yards under virtual laboratory conditions, the 475 foot-seconds remaining would permit a head-on kill of
    a ground squirrel) the holdover would be about the same as the hold-under at fifteen to twenty-five yards,
    i.e., an inch to an inch and three quarters. This is much flatter than the .22-caliber airguns, and if the
    shooter learns to think in teens of ten-yard increments, his field results with a good rest would be scary.

    Of course, as great an all-season hunting gun as is the variable-scoped 124, it is equally superb as a
    plinker or occasional shooter. The light sectional density and rapid falloff of velocity past reasonable
    shooting ranges assures you that you won't endanger the clergy or valid taxpayers beyond about three hundred
    yards with a missed shot and an unimpeded pellet. Yet, to this old elephant hunter, who will soon be combing
    his hair with a washcloth, the 124 and its kin, no matter what you choose in good relative quality airguns,
    is still a constant and legal excuse to wallow in that purest essence of your hunting and shooting heritage,
    merely being afield with a handful of clean walnut and fine, precision steel, topped off with a crisp, bright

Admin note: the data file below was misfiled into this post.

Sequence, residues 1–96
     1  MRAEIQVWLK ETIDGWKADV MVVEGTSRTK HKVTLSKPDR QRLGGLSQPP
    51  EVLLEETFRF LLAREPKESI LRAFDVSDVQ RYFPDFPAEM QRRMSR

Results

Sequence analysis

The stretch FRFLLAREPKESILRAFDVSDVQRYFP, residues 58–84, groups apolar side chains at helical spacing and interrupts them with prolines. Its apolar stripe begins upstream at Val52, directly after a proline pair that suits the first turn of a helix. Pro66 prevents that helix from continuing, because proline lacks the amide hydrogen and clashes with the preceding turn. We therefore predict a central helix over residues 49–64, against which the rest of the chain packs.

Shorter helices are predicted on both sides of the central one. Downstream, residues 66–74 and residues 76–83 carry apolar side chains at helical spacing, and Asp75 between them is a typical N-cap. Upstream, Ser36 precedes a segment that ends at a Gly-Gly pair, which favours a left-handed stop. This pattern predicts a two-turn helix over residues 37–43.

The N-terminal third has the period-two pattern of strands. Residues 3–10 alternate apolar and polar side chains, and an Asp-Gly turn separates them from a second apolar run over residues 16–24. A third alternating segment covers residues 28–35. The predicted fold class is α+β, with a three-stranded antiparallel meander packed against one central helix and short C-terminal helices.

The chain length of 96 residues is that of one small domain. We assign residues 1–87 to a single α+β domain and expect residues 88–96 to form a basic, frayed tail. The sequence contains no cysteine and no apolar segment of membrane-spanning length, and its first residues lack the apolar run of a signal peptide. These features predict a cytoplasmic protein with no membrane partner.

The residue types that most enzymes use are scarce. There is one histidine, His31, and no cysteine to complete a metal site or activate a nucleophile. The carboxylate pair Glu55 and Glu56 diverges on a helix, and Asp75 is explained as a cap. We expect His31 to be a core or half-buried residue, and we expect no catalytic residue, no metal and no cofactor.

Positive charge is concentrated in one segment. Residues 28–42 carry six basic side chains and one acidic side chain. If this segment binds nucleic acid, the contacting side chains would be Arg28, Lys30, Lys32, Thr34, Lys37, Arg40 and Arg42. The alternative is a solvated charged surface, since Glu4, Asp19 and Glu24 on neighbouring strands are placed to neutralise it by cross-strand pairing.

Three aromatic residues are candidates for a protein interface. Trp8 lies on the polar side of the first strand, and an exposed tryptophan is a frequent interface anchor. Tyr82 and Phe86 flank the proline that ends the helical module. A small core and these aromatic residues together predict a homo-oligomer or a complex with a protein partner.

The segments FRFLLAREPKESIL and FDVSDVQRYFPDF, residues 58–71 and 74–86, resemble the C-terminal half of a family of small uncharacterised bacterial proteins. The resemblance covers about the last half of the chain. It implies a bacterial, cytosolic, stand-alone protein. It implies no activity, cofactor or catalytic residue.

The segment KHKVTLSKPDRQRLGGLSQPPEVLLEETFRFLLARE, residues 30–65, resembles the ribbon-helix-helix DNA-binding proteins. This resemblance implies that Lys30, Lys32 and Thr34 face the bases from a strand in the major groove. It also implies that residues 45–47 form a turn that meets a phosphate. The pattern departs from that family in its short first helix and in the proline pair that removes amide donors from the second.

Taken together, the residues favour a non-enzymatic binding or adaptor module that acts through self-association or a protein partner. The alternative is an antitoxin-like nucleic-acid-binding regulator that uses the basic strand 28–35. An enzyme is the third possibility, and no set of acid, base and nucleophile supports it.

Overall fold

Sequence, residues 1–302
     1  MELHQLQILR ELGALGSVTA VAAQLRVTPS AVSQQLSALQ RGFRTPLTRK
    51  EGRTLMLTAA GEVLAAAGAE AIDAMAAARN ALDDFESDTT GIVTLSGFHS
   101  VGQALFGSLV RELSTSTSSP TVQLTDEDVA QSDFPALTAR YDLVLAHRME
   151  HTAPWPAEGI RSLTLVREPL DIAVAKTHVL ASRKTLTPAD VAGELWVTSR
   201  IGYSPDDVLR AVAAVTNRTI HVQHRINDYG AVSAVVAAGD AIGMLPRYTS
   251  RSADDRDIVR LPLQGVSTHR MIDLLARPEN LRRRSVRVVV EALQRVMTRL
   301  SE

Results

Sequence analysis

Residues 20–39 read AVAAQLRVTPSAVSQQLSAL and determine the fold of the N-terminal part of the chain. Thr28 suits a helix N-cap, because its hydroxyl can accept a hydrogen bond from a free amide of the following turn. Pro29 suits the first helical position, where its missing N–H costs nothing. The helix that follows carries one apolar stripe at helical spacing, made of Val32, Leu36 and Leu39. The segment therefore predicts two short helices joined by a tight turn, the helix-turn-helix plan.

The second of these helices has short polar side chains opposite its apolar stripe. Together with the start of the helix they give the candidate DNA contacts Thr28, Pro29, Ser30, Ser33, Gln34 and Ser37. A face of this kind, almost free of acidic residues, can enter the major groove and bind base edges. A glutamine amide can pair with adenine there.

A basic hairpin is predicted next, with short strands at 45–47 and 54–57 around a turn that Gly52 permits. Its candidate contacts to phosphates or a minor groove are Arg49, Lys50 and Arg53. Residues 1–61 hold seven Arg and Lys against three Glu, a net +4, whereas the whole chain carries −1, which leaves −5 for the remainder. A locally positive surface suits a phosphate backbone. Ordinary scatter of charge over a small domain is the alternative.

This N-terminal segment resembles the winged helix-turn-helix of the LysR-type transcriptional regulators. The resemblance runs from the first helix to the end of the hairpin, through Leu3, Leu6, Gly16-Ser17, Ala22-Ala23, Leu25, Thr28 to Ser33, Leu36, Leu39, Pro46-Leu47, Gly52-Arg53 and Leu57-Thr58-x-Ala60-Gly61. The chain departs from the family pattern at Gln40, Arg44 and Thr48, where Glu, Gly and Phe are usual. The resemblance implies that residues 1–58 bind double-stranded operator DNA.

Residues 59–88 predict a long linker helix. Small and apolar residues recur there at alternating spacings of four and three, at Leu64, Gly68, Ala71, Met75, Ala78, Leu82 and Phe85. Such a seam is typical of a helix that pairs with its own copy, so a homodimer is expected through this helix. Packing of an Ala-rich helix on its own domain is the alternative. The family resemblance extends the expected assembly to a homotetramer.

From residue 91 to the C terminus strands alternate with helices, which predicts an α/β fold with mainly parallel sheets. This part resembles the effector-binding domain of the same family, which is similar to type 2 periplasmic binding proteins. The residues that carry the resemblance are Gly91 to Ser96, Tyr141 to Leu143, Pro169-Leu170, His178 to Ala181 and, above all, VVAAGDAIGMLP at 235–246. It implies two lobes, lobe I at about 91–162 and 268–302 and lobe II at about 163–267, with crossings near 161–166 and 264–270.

scope, walking with the shadows of the Good Ones who have gone to better covers. Your man-eating leopards,
    like mine, may be wharf rats, and your bustards feral pigeons. You, who are used to being lord of ten
    thousand square miles of miombo and nyika, may find the extent of your safari concession your suburban
    backyard. But it's not really different at all; the essence is the same. Airgun hunting is the perfect
    microcosm of big-game stalking and shooting, perhaps even more demanding of the rifleman, considering the
    cunning of the prey and the absolute precision of shooting required for humane, instantaneous death.

    Perhaps one dark day they will say of Capstick, the Great White Hunter, "HE STALKED THE STARLING AND
    SAVAGED THE SPARROW; HE MET THE RAT IN DARKNESS." I also suspect a smaller inscription, subscribed to
    by those who hunted with me: "We, however, have only his word for such deeds, as it was well known he
    was half Irish."
  6. CATO

    CATO Monkey+++

  7. HK_User

    HK_User A Productive Monkey is a Happy Monkey

  8. Cruisin Sloth

    Cruisin Sloth Special & Slow

  9. CATO

    CATO Monkey+++

  10. CATO

    CATO Monkey+++

    For those of you interested, I was just looking through my July 20 issue of Shotgun News and there is a story on air rifles in there.
  11. PAGUY

    PAGUY Monkey